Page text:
Toyota Crown Comes in Many Shapes and Sizes in Japan, but We Only Get One
The Toyota Crown is new to the U.S., but it’s certainly not new to the world. In fact, it’s the longest-running Toyota model in history. Though we now have the Toyota Crown here in the States, there’s still a healthy offering that we don’t get. In fact, the Crown namesake is represented as a separate brand in Japan and other countries. Let’s take a look at the entire Toyota Crown lineup and see what we’re missing out on!
The Toyota Crown Comes in Four Different Styles Overseas
The Toyota Crown sold here in the U.S. is the Crossover type from the overseas lineup. However, in addition, there’s a sedan, estate, and sport version available for other markets. According to the Toyota press release for the lineup, it seems that they share many of the same components.
They’re all offered as either a hybrid or a plug-in hybrid. Each model uses a turbocharged four-cylinder engine up front and an electric axle for the rear wheels. Furthermore, the press release specifies the use of a nickel-based electric battery. Those familiar with RC cars will know that a nickel-metal hydride battery has taken a back seat to lithium polymer packs. However, Toyota is sticking with the older tech. If it ain’t broke, don’t fix it!
The Crown Crossover is a bit more representative of what one might expect when they hear the term. Rather than a small SUV, the Crown Crossover is a more sedan-like blend of the two formats. It’s sized more like a sedan but sits up high like an SUV. According to Toyota, this is a perfect way to get the sedan feel while providing easy entry and exit. Additionally, the higher stature gives drivers a solid field of view.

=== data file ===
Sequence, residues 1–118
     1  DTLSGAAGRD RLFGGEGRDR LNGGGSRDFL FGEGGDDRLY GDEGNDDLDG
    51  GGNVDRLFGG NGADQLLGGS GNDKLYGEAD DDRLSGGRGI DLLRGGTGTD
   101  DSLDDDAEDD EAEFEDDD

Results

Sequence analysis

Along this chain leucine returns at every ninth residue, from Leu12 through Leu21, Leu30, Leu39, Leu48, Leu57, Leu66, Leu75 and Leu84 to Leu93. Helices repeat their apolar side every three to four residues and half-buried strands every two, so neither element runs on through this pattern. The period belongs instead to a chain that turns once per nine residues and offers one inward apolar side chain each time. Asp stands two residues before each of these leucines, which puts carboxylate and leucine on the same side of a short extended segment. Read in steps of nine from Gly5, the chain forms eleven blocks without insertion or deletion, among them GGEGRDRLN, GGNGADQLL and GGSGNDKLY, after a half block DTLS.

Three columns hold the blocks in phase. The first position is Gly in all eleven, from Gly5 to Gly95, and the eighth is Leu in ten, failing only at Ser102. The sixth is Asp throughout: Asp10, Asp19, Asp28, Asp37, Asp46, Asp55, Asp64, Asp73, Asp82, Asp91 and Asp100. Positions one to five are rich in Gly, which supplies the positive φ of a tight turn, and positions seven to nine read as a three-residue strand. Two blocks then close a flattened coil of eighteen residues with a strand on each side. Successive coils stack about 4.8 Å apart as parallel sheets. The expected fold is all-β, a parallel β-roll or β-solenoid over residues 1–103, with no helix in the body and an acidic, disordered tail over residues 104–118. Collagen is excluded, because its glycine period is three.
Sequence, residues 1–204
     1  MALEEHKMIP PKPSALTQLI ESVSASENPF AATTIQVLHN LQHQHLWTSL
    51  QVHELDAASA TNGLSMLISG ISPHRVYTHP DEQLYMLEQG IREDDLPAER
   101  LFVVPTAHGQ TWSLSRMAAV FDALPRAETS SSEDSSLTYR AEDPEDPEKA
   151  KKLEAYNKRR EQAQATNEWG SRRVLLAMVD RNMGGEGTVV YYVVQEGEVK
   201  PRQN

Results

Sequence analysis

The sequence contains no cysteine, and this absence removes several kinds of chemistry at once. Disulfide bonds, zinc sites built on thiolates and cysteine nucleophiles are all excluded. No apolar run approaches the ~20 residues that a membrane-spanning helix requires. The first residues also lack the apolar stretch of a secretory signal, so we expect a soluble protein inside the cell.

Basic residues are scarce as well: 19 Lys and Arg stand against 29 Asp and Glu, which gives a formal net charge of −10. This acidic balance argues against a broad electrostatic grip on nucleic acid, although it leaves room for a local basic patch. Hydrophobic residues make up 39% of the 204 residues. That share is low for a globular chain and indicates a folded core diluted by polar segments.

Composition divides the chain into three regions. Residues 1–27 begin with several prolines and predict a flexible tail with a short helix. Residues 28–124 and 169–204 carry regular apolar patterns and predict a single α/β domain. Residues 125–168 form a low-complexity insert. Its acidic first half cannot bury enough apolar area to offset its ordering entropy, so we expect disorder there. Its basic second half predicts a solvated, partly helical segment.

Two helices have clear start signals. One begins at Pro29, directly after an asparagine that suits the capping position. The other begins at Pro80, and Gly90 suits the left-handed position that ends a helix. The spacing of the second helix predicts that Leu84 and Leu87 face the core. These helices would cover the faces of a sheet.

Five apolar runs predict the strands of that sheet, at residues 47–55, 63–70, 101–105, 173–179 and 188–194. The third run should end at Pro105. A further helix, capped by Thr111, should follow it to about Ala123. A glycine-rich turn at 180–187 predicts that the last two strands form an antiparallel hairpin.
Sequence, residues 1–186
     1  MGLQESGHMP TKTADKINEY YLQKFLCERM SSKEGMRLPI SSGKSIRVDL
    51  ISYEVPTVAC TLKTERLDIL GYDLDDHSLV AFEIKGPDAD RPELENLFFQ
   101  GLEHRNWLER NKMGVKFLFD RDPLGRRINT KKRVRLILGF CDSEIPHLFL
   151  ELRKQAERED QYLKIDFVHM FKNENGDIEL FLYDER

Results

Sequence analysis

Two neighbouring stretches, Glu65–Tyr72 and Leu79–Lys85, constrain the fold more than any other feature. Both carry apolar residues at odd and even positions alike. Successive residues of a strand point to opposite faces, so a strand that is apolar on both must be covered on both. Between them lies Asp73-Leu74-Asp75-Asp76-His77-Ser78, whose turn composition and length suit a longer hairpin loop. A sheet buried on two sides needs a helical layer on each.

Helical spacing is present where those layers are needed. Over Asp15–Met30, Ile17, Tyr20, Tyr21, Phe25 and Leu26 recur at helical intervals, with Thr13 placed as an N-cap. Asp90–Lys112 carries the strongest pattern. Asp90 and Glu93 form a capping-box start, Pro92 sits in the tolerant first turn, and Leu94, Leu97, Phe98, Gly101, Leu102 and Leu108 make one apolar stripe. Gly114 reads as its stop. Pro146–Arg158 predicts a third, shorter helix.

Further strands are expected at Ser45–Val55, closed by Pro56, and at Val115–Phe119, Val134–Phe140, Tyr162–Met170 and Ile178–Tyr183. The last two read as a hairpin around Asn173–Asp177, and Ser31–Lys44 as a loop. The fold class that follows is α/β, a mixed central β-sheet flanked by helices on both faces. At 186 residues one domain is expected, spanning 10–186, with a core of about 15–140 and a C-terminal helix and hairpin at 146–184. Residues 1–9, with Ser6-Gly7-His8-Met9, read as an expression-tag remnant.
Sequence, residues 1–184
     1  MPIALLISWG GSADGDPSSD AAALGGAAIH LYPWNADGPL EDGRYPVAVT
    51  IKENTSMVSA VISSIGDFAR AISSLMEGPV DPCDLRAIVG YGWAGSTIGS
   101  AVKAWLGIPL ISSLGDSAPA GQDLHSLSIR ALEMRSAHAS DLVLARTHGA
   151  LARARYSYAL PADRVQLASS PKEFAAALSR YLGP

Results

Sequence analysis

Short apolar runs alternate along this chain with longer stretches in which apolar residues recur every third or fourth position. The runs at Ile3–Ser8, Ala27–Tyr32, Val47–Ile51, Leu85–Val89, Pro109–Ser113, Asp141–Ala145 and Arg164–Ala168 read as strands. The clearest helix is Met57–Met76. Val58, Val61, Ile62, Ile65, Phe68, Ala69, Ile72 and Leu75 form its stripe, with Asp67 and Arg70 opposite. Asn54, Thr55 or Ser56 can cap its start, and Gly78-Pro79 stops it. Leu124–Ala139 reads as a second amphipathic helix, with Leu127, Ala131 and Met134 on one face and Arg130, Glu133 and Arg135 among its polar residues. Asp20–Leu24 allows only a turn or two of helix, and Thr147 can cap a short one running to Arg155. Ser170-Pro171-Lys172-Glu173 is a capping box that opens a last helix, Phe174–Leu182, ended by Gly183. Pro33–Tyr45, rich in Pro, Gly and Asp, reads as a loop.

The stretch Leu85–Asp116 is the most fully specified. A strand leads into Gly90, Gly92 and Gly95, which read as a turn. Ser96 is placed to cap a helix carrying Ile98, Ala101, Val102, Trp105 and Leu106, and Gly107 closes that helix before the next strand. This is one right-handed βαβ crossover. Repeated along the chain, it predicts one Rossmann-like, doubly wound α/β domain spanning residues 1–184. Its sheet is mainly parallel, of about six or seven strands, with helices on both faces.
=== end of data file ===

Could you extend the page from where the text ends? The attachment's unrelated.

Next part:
The Crown Sport and Estate are SUV offerings
On the other hand, the Crown Sport is more SUV than it is a sedan. Forgive us for saying this; it even has a bit of Ferrari Purosangue flavor to its styling. In addition, Toyota advertises that the Crown Sport is a wolf in sheep’s clothing of sorts. It may look like an SUV, but its intent is to provide a sporty and nimble driving experience.
Additionally, the Toyota Crown Estate is a full-blown SUV, not the wagon its name and the history of this model would suggest. That’s a bit of a shame. However, it is a pretty dang stylish entry to the lineup of Toyota SUVs. The hybrid or plug-in hybrid drivetrain is a great plus.
The Toyota Crown Sedan Type is way cooler than what we’ve got!
The Crown Sedan Type for the overseas market is incredibly stylish. Its exterior styling is more consistent with the namesake’s luxurious heritage. Furthermore, it looks far more aligned with Lexus releases than it is with Toyota. At least in comparison to the models we get in the U.S.
Overall, the lineup of crown vehicles we’re not allowed to have in the U.S. doesn’t exactly leave us aching. However, it would be interesting to see how these offerings would fair here in the States. It seems, much like Hyundai did with Genesis, the Crown spinoff brand is intended to expand the network of the parent company. So, who knows? Perhaps Toyota will bring the Crown lineup over here if it sells well enough overseas.